On Jan. 21, Bridge City ISD school board accepted a Chapter 313 tax break application from Chevron Phillips Chemical. The same kind of application was accepted by West Orange-Cove CISD on Jan. 14. The new facility would be on property across the street from Chevron Phillips Chemical's existing facility in Orange County, according to an announcement at the Jan. 21 meeting.  view article arw

Not 24 hours after the Louise ISD board of trustees voted not to enter into a Chapter 313 agreement with a proposed solar farm, Seventus, LLC withdrew its 313 application with El Campo ISD for a wind farm. With a show of hands for or against, a motion to amend the local policy failed when Louise trustees voted 3-3 not to offer property tax value limitation agreements to incoming industry or corporations including one with Hecate Energy, LLC at its Monday meeting. view article arw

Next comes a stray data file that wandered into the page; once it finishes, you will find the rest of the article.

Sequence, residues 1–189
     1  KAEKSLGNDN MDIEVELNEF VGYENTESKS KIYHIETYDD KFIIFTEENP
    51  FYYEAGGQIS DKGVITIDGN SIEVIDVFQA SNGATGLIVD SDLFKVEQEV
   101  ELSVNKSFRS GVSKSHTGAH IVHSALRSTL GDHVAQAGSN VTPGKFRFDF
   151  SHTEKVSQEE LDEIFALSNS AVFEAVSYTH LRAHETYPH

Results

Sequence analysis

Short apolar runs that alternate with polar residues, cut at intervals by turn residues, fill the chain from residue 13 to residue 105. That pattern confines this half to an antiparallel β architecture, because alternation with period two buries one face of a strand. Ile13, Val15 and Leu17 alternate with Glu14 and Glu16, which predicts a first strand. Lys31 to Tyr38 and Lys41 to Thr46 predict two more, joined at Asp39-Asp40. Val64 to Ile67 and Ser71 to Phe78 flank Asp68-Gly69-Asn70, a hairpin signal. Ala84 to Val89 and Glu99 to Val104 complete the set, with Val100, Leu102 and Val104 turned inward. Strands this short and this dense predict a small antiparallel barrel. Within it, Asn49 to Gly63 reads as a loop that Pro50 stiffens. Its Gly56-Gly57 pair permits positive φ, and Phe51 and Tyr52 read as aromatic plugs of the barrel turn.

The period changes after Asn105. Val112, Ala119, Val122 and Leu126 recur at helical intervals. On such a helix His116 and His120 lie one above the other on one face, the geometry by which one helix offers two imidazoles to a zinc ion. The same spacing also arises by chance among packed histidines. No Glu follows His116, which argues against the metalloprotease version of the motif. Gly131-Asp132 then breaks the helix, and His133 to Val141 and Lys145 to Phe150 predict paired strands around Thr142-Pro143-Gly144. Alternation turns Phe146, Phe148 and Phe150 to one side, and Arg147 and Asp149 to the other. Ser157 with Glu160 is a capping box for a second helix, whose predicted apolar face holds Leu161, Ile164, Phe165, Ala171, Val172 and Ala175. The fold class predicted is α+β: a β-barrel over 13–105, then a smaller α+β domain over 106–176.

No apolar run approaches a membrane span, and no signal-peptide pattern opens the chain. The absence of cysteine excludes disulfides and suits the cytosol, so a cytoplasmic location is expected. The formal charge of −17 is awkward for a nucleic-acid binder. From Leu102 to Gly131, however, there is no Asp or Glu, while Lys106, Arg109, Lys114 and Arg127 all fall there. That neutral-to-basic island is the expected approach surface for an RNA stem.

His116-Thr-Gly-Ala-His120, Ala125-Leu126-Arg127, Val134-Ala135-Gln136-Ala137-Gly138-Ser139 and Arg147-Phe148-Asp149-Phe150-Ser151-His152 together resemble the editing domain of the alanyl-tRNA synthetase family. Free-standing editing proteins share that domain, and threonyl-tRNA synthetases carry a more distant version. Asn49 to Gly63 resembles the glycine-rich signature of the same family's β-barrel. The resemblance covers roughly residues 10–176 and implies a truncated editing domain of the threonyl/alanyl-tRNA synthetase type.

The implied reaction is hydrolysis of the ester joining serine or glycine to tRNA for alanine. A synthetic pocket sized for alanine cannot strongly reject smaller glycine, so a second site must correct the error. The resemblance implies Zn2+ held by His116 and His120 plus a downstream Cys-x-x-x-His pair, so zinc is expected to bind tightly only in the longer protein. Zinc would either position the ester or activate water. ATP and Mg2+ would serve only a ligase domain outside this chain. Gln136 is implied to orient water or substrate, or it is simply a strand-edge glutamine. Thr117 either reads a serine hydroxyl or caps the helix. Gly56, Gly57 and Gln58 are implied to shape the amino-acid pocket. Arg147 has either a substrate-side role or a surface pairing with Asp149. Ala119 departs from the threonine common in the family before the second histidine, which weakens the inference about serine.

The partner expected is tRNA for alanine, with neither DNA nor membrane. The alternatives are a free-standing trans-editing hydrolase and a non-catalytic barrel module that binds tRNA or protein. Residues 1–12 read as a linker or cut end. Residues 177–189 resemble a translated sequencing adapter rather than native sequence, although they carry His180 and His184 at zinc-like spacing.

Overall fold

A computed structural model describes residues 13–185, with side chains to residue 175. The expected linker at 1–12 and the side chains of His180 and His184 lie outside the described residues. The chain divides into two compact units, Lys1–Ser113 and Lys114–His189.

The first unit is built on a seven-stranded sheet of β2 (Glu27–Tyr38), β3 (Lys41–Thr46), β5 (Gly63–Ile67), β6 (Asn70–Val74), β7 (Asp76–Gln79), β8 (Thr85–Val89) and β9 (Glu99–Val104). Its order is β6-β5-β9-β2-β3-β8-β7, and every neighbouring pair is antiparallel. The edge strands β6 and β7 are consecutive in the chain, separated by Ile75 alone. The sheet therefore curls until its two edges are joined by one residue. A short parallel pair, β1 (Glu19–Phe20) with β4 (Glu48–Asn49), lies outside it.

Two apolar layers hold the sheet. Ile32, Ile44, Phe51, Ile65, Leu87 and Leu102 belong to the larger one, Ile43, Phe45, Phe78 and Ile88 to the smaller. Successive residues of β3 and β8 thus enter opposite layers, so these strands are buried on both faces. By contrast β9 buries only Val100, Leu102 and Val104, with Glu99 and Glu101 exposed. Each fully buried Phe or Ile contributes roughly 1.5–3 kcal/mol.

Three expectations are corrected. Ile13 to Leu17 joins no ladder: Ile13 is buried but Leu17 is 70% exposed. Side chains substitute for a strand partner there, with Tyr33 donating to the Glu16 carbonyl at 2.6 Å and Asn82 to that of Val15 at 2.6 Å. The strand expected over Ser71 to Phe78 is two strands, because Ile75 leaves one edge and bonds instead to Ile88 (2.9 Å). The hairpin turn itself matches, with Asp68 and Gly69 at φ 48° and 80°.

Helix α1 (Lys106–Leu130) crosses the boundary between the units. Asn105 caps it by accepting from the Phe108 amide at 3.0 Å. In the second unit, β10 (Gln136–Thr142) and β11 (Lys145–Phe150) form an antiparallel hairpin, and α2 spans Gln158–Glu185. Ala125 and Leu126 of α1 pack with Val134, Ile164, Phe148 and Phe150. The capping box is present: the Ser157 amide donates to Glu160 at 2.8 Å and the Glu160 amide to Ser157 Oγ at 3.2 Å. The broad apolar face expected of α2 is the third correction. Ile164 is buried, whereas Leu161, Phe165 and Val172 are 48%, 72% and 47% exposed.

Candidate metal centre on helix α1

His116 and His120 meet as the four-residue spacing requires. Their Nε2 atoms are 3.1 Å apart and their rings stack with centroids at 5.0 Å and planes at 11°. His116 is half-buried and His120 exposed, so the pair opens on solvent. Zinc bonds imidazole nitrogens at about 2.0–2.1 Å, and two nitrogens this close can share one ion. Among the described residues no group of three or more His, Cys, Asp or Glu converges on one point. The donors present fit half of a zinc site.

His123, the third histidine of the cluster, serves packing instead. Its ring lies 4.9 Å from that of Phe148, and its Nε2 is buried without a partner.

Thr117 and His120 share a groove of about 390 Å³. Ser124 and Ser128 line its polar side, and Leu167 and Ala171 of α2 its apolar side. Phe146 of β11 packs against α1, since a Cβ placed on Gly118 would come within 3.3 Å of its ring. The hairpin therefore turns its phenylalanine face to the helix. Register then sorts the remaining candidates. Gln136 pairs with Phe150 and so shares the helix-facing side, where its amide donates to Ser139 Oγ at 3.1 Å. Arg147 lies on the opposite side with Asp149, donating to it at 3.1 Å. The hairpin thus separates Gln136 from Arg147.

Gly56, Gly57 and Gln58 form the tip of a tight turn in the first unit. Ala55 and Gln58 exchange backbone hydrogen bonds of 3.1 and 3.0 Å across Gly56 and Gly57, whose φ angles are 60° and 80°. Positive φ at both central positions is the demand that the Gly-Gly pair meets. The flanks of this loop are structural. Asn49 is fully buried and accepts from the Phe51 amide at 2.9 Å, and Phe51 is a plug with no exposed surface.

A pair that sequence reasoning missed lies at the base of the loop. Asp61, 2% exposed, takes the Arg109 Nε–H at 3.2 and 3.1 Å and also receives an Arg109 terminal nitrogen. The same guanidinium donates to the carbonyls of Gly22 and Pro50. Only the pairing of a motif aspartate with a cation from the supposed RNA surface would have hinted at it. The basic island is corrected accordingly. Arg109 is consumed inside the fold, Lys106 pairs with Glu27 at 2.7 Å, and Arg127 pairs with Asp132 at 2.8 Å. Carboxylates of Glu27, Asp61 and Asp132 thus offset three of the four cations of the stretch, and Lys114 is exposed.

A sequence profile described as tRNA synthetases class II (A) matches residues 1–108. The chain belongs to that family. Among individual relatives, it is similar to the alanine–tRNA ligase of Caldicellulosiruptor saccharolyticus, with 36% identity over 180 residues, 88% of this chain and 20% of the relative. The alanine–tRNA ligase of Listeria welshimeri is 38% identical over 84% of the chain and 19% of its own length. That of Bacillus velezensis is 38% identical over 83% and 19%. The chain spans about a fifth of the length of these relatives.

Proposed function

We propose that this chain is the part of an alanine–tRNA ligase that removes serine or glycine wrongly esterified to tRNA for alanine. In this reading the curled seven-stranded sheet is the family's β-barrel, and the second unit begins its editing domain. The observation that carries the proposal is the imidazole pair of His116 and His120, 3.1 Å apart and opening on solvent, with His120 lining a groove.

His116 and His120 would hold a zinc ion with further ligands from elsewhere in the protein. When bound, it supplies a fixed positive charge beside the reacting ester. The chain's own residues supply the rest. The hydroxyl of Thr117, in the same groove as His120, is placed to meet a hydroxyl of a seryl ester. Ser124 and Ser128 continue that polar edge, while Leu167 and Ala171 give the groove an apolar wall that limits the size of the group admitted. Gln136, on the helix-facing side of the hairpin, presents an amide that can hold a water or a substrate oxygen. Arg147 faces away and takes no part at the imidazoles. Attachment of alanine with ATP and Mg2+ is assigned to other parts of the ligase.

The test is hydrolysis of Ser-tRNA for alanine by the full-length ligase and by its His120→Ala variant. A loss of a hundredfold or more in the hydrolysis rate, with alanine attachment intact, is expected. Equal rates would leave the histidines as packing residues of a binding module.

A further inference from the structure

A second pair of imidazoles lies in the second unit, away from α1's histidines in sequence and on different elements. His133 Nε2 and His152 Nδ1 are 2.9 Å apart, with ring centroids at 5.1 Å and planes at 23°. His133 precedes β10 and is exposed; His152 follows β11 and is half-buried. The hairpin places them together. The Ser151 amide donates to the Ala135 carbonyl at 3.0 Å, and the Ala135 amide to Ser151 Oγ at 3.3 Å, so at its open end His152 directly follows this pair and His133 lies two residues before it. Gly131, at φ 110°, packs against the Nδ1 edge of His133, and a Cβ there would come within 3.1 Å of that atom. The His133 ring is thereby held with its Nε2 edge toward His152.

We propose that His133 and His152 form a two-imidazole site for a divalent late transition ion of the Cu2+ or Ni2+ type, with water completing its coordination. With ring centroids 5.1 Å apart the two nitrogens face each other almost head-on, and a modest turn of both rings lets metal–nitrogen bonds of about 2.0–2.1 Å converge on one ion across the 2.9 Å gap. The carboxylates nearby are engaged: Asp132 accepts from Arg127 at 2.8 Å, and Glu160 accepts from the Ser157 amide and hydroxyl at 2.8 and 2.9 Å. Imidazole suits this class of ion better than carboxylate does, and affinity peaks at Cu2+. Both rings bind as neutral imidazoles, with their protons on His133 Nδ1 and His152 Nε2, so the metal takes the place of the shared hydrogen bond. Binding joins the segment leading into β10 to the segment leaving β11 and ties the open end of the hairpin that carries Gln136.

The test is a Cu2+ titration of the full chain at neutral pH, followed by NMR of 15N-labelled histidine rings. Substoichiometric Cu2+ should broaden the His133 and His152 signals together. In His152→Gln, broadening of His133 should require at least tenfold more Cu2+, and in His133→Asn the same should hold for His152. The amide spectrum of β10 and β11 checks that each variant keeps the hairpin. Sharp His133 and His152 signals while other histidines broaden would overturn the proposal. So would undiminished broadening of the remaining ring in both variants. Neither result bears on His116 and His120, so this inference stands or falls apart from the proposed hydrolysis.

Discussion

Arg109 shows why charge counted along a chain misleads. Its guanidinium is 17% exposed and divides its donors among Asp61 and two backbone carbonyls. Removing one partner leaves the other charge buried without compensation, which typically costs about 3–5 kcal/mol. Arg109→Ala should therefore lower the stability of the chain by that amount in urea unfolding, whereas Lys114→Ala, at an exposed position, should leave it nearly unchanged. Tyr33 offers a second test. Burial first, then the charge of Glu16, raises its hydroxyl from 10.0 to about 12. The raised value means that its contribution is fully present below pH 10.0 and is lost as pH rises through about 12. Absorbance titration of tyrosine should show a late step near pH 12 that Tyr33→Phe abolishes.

In an effort to stay connected with the community and plan the school district’s next steps, Klein ISD has announced the formation of a new coalition. The Klein Leadership Coalition will consist of influencers in and around Klein ISD, including staff, faculty and community members. According to a presentation given during the January meeting, the Klein Leadership Coalition will exchange information, create awareness of district operations and assist the district with future plans. view article arw